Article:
Artillery: September 8, 2004

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About half the casualties in Iraq are inflicted on the road. Each day, for example, the supply trucks move in some 130 convoys. These vehicle movements involve about 2,000 soldiers and civilian (contractor) drivers. The driver casualties are less than those of the troops (which are currently about 3.6 per 1,000 soldiers per year). There is no consolidated figure for contractor deaths, but estimates run to a hundred or so to date. Many more (up to a thousand) have been wounded. A somewhat equal number have been killed or injured in vehicle accidents. But theres no shortage of applicants for the jobs. Drivers from Africa and India, which have the same kind of bad roads and chaotic traffic as Iraq, see a year driving under fire as a way to hit the jackpot. Pay rates vary depending on the degree of danger (most routes are safe), but a driver on the higher paying routes could leave Iraq with enough money (over $10,000) to buy a business or farm back home, and be set for life. Many migrants (legal or otherwise) to North America and Europe do that, and have done that for over a century. Go, make a bundle (especially by the low rent standards in the old country) and then return home to build a new life.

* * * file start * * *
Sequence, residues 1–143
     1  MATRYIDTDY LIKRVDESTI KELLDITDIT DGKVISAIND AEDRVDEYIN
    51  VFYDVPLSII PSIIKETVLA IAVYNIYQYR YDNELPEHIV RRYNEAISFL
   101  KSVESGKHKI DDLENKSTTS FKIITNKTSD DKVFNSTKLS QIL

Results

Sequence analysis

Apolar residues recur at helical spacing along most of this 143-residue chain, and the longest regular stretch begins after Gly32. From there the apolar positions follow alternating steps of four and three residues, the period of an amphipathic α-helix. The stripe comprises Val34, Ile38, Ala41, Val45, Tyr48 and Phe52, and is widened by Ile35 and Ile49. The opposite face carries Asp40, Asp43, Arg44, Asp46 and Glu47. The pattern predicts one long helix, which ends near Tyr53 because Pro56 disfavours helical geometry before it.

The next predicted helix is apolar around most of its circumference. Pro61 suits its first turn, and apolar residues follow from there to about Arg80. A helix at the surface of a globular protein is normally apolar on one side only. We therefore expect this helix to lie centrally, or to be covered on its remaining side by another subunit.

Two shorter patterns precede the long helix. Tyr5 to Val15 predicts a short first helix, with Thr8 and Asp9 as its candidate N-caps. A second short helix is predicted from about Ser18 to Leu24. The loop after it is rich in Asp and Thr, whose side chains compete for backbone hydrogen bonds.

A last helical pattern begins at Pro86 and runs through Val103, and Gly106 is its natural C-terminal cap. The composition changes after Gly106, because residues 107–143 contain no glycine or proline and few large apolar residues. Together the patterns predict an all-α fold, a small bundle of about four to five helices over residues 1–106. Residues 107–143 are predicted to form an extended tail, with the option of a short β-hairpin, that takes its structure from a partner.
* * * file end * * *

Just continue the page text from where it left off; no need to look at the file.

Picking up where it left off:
Some countries, alarmed at seeing news reports of their citizens being killed in Iraq, order that their citizens no longer go to Iraq. These orders are ignored. In the Philippines, such an order is now a matter of public debate. People want it rescinded, so that its easier for Filipinos to go to Iraq and work. A year working in Iraq is the equivalent to winning a large lottery prize, but with much better odds. Theres less then one percent chance of being killed or mutilated. For a man facing a life of poverty otherwise, those are good odds. 

 


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